To mark International Women's Day this year we are celebrating some of the professional and academic staff who make our College a world-leading institution for research and teaching on Asia and the Pacific.
In this piece, we chat to Security and International Relations expert Professor Evelyn Goh.
What inspired you to get into your field of research and why?
My field of research is security and international relations in East Asia. I come at this broad field from a range of different angles: history, political science theory, geography, ecology, policy and strategy. I was inspired by an older generation of politics scholars who believed that the most useful scholarship combines rigorous empirical knowledge with innovative concepts and theories, crosses disciplinary boundaries and has normative relevance.
Who is a woman in your field that you look up to?
There are many outstanding women in my field. Two have been especially important in my career – both must have faced significant pressures as women pioneers in their fields, but neither made a special issue of it except to set great examples, thereby clearing the path for younger women scholars like myself who came after them.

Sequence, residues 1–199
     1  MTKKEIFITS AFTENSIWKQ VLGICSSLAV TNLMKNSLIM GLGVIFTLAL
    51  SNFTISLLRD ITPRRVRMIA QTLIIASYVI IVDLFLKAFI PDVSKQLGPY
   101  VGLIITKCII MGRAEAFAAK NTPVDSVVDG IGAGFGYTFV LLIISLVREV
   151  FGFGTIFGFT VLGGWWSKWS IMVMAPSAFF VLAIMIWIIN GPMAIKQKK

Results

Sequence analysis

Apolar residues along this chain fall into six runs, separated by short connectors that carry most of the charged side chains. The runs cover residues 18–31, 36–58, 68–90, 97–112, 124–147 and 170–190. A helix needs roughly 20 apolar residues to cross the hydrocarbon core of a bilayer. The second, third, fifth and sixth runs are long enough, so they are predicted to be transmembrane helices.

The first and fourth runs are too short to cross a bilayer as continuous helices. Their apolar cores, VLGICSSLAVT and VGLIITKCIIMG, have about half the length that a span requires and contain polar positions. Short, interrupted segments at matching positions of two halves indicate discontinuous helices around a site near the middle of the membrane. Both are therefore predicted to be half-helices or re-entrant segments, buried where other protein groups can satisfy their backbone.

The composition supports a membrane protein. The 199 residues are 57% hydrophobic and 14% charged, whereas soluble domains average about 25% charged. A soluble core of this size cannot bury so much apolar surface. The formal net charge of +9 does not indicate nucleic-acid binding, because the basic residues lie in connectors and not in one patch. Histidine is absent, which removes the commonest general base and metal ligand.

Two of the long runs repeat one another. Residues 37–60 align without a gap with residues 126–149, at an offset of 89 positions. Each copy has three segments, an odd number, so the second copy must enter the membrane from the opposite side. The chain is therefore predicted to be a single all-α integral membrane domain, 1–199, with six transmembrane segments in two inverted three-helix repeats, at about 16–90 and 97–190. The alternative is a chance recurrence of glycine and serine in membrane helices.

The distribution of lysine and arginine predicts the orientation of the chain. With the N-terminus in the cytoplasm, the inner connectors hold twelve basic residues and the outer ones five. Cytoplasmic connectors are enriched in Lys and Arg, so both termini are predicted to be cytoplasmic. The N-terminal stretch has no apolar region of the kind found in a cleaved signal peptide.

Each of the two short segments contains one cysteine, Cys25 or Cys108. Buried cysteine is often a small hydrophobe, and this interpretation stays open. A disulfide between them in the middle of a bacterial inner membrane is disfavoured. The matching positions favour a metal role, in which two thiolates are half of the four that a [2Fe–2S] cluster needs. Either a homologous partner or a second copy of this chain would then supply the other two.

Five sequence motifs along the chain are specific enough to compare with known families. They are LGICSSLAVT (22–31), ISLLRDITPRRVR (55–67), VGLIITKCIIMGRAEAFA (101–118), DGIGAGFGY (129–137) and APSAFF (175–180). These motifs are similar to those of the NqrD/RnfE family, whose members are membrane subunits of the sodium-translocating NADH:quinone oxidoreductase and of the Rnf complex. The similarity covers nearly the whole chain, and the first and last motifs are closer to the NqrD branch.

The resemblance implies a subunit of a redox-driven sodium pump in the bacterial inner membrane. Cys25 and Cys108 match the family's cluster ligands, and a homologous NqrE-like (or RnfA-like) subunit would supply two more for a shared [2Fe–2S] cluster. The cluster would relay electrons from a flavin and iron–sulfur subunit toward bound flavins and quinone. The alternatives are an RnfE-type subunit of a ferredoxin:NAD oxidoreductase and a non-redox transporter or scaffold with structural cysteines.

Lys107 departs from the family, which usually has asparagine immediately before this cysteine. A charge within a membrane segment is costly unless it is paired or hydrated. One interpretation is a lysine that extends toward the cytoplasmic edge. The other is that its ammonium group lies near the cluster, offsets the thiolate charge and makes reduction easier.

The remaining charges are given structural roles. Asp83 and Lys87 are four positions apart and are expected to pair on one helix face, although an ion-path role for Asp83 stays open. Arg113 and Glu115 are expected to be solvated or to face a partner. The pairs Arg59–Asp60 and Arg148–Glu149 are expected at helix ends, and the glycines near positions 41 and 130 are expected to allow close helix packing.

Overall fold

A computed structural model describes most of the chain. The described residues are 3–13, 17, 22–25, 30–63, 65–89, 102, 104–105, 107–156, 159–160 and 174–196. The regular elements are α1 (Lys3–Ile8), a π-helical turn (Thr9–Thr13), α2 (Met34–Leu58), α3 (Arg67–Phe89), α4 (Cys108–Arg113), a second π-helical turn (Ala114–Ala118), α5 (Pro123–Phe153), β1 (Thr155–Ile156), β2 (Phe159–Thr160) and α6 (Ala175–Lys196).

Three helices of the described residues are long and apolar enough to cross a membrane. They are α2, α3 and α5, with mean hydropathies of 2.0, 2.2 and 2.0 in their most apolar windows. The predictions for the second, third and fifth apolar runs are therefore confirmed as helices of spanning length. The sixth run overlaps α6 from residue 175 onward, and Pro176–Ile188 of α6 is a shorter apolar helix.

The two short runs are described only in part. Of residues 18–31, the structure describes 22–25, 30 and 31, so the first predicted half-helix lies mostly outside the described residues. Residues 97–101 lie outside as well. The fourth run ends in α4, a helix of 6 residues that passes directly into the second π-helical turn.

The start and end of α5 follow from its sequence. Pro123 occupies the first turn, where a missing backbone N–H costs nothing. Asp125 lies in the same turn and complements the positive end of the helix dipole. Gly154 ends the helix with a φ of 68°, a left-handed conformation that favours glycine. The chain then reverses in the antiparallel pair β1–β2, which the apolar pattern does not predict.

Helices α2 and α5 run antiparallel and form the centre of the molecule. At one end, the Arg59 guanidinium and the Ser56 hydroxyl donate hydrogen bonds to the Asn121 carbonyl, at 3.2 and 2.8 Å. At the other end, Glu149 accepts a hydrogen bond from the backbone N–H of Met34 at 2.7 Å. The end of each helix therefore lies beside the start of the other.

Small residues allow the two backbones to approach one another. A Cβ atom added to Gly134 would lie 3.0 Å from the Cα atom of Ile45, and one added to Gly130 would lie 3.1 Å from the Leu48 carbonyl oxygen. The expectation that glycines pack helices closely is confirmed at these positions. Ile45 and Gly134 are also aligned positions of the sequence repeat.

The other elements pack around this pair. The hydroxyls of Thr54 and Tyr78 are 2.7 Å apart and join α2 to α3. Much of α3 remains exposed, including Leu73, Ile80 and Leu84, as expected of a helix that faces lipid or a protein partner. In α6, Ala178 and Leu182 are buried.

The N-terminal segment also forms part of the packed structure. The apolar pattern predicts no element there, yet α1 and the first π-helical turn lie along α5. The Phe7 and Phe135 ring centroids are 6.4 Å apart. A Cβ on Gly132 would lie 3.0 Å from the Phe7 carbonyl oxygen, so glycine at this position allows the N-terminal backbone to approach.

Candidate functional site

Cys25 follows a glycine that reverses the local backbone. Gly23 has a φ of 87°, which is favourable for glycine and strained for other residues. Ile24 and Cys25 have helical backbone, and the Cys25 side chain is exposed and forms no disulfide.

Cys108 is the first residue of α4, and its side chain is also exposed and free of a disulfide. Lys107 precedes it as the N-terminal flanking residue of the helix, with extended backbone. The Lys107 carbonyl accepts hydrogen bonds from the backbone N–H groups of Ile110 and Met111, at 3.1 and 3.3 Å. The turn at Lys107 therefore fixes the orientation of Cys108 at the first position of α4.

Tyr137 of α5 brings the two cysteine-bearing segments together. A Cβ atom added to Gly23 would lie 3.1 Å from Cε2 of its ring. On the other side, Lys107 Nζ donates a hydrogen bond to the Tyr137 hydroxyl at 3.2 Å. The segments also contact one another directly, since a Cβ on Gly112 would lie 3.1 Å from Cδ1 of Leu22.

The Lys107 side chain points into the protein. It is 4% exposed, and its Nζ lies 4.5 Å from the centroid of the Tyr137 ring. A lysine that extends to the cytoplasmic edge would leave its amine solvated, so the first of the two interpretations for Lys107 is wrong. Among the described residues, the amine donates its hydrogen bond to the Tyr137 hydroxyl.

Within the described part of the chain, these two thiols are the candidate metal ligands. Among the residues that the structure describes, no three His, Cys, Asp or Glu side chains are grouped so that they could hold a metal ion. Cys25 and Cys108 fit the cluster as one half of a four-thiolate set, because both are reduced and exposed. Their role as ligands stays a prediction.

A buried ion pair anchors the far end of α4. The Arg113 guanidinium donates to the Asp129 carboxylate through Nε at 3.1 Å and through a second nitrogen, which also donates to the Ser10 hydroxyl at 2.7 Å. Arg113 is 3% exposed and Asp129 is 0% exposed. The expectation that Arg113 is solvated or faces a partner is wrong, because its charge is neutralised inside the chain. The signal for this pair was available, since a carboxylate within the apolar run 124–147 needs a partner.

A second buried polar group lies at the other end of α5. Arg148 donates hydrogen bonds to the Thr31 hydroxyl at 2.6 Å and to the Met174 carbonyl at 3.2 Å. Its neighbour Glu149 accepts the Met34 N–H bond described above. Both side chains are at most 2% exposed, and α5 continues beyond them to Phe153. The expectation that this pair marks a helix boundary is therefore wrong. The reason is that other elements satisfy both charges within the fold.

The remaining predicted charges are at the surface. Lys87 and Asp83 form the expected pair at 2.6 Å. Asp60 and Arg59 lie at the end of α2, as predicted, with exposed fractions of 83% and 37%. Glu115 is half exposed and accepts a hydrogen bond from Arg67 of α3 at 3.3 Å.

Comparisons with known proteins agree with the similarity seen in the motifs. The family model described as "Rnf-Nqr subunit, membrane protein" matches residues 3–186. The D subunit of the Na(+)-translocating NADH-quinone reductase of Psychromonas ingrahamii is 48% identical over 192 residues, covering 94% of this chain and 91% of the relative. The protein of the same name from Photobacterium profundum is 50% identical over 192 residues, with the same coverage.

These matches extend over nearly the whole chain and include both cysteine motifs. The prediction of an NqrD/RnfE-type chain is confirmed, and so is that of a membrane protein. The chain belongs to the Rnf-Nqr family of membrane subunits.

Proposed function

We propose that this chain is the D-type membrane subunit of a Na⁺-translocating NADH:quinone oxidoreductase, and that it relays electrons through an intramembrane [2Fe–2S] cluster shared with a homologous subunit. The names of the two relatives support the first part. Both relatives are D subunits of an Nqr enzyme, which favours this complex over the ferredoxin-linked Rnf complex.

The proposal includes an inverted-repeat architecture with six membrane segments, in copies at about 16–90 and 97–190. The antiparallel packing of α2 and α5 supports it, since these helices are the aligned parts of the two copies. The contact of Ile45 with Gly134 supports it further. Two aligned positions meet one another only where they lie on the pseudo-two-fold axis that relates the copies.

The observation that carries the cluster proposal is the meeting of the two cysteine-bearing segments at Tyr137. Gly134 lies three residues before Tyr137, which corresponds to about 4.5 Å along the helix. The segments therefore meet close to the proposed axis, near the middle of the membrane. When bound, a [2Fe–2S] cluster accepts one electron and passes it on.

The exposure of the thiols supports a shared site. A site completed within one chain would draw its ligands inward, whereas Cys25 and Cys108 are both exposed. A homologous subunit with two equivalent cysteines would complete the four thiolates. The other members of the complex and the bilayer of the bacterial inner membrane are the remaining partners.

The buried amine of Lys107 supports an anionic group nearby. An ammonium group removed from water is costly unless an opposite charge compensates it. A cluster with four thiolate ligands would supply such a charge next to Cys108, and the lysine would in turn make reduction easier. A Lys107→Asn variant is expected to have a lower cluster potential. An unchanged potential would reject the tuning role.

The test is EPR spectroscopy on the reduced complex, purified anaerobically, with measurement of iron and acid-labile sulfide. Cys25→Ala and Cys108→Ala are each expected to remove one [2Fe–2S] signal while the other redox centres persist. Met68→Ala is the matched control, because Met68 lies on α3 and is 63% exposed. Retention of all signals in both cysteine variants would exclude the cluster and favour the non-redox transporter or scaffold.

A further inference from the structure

Patricia Daley, Professor of the Human Geography of Africa at Oxford. She was my undergraduate tutor just over 25 years ago, at a time when a young, black woman don was unheard-of in that august institution. During the 1994 genocide in Rwanda and Burundi, she suddenly gained international fame as one of the few scholars in the world with deep expertise in those countries.
Rosemary Foot, Emeritus Professor of International Relations at Oxford and expert in East Asia. She was my doctoral supervisor and is currently my co-author and friend. She sets the very highest of scholarly standards that I still struggle to live up to today.
What is a teaching/research project you are currently working on that motivates you?
All my teaching and research projects motivate me. The project that is currently giving me a hard time is the question of whether China and Japan can strike a strategic bargain that will allow them to coexist peacefully. This question, although incredibly important, tends to be neglected because of the focus on the U.S. and China. It is also a very difficult question to research because it requires a great deal of accurate historical and contemporary knowledge as well as conceptual agility. It’s the combination of importance and difficulty that motivates me.
What are you most proud of?
Inspiring other scholars with my work and in particular, students who are just starting out on the path to research. Holding my new book in my hands is always thrilling. But much more exciting is being waylaid by eager students who say “I read your book/article and I’ve been dying to ask…” or even better, “I keep thinking about it but I don’t see how you can be right if…”!
What’s your advice to your younger self about choosing the right path and juggling life’s different demands?
There is a line in Gabriel Garcia Marquez’s Love in the Time of Cholera about wisdom’s habit of coming to us when it can longer do much good. I generally agree with that, so I tend to think that a policy of ‘no regrets’ is best.